climb, climb, climb the boat, and a corn cob pipe

I had barely opened the library when the Assistant Principal walked through the doors.

“Mrs FD, I am need of urgent support and assistance and I thought of you.”

“You are in trouble then!”

An hour later I was on a bus with 40 students heading out for a day’s field trip.

The History Class was visiting the Maritime Museum and the MacArthur Museum, and one of the teachers had called in sick. Who better to have on a museum field trip than a librarian!

The Maritime Museum had me, with my fear of heights and impaired depth perception,  climbing up and down narrow ladders between the decks of the Diamantina, following groups of students as they in turn followed a tour leader. We were climbing backwards, but the sailors would descend the stairs, front facing and often carrying their meal on a plate as well – there was no dining room for them!

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It was very hot below decks, and the ship is riddled with asbestos as was the fashion of the day, but the students appeared to find it very interesting.

It was interesting to see the hierarchy that was in place, with the captain’s room all beautiful crafted built in furniture including his own dining table, while the ordinary men had just a hammock to sling wherever there was a couple of free hooks. He had his own bathroom as well.

It was sad to see the condition of many of the displays, as they receive no government backing except for the occasional grant for specific tasks. It is staffed by volunteers, as is the  MacArthur Museum.

We walked through the old botanical gardens to the second venue, one teacher at the front of the group and I was rear guard to make sure no one decided to blend away into the shadows. We took the roll four times throughout the day, and delivered the same number back to the school as left in the morning.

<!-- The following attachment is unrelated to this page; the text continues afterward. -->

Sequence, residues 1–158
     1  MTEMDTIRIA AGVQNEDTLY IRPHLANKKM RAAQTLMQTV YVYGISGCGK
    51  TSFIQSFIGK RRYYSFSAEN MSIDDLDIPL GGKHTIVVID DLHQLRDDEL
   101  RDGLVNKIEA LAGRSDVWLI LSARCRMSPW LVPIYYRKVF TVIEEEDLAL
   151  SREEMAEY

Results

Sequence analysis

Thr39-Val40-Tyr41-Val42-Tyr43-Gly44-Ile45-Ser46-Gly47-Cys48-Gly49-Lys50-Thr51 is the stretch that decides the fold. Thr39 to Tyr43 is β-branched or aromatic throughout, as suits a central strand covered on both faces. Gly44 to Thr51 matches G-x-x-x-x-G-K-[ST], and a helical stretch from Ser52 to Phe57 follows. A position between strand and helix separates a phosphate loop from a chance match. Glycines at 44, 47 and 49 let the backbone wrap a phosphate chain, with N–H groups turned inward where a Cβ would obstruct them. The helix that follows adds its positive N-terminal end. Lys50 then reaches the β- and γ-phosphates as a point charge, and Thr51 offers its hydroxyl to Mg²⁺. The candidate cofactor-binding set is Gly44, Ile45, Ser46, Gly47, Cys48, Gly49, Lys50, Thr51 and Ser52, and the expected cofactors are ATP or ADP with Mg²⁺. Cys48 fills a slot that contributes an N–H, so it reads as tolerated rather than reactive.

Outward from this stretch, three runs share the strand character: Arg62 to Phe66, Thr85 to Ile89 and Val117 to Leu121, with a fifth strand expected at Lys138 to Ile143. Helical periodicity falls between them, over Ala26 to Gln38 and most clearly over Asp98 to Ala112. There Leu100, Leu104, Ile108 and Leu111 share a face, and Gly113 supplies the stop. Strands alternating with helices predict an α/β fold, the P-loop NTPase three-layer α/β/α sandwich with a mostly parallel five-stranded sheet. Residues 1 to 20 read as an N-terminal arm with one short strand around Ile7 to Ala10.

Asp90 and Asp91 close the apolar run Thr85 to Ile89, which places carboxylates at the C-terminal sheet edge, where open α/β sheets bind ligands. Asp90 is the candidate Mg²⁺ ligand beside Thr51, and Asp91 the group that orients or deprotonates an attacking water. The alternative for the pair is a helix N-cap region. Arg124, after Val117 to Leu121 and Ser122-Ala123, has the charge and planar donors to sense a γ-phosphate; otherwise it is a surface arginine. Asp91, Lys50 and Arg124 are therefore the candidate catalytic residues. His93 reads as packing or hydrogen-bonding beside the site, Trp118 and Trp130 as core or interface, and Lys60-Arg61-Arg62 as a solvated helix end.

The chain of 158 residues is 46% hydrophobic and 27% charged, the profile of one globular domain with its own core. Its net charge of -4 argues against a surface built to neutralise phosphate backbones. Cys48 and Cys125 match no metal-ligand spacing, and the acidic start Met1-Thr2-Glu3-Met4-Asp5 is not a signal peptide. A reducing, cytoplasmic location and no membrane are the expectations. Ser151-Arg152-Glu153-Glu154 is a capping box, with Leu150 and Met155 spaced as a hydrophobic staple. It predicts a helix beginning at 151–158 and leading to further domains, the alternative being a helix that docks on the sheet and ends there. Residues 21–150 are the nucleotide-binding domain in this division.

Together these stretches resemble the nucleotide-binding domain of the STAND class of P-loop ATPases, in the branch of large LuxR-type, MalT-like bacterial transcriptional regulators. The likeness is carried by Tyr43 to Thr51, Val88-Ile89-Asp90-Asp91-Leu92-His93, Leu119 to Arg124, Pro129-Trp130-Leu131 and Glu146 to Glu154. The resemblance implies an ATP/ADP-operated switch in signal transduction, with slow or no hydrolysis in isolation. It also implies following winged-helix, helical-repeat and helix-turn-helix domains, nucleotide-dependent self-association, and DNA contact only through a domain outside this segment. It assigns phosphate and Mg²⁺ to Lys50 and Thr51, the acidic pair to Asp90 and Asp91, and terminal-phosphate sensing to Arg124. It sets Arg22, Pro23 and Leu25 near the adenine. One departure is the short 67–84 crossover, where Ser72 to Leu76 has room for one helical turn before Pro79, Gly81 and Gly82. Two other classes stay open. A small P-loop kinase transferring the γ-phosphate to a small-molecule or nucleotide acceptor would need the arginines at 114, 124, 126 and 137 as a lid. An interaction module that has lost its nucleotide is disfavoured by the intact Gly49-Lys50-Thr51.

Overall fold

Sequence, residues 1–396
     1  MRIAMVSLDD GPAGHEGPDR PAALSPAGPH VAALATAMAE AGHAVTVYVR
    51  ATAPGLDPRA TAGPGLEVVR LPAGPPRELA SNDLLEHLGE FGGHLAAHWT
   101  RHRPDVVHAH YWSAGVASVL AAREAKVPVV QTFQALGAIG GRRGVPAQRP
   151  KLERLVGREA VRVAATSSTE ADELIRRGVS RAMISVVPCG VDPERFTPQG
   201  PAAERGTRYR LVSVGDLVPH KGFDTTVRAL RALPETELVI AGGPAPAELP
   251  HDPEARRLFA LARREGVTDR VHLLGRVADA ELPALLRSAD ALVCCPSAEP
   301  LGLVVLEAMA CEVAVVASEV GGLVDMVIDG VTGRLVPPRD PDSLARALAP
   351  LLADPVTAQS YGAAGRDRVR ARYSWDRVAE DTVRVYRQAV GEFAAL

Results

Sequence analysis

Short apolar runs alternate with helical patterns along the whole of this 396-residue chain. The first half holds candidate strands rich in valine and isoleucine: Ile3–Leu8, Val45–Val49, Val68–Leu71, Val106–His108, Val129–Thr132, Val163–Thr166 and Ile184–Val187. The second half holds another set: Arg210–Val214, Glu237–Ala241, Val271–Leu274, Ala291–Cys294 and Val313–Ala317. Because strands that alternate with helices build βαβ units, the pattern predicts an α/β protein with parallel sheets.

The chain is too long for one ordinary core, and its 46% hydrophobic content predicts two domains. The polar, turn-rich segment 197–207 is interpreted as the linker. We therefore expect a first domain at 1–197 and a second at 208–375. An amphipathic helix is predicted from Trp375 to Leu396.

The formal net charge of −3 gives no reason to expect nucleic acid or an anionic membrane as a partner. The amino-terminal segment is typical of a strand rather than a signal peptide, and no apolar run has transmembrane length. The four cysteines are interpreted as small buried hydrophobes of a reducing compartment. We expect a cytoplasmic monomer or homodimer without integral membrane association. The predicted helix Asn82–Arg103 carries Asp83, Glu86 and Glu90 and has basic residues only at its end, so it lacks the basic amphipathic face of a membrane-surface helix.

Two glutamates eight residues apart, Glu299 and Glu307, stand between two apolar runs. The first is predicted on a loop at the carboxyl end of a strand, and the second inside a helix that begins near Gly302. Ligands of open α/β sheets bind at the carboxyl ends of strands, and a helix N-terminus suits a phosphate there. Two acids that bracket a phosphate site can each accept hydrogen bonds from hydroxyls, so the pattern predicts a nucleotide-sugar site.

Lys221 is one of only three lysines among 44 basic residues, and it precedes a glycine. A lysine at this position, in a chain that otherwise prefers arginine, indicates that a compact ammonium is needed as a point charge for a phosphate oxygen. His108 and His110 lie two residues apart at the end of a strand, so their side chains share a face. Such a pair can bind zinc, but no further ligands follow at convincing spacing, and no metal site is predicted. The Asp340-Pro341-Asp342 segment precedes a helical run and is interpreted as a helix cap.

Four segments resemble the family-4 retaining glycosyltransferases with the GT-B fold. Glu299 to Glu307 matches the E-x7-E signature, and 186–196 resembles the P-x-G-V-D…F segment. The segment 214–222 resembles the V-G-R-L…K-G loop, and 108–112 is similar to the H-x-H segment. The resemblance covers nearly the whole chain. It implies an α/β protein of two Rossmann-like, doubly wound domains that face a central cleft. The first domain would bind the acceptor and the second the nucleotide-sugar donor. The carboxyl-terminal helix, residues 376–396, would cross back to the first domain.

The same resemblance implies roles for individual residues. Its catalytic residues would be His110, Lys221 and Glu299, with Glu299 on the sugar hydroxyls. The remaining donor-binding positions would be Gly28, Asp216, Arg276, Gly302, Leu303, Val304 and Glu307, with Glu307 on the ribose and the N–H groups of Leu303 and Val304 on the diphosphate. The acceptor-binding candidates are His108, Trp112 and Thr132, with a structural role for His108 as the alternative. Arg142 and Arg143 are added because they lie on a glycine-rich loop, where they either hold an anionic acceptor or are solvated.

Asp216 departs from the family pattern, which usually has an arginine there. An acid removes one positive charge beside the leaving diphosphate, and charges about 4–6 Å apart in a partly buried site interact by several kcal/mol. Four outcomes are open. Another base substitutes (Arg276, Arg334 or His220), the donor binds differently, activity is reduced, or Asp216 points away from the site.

The MacArthur Museum is interesting, because it is on the eight floor of what is now a hotel and apartment building. The floor that Douglas MacArthur used during the second world war is filled with replicas of his meeting tables, office furniture etc.  They even have a replica of his corn cob pipe, the craziest thing I have seen in a long time. I couldn’t get a full view of it, but if it is hollowed out through the entire length and then packed with tobacco, I can only guess he would have only needed to light it once a month and it would keep on puffing. How he ever thought it was “cool” surprises me!

A museum filled with replicas is a little odd, and led to a couple of odd exchanges between staff and students.

“This is the table that MacArthur and his staff sat at for meetings,” the tour guide declared.

“The actual, real table?” asked the girl.

“Well, not the actual table, but it was exactly like this…”

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MacArthur’s Brisbane Headquarters during World War II.

 

Because I had not had time to prepare a travel lunch, the other teacher covered the exit door, while I popped out and got a quick bite to eat. One benefit of being in the inner city meant that there were plenty to choose from! I had to ask the hotel receptionist to swipe me back into the elevator up to the museum, and just as the elevator doors swished shut, I glimpsed one of our recently retired famous football players, Darren Lockyer, walk into the lobby. He missed out on sharing the elevator with me, poor man.

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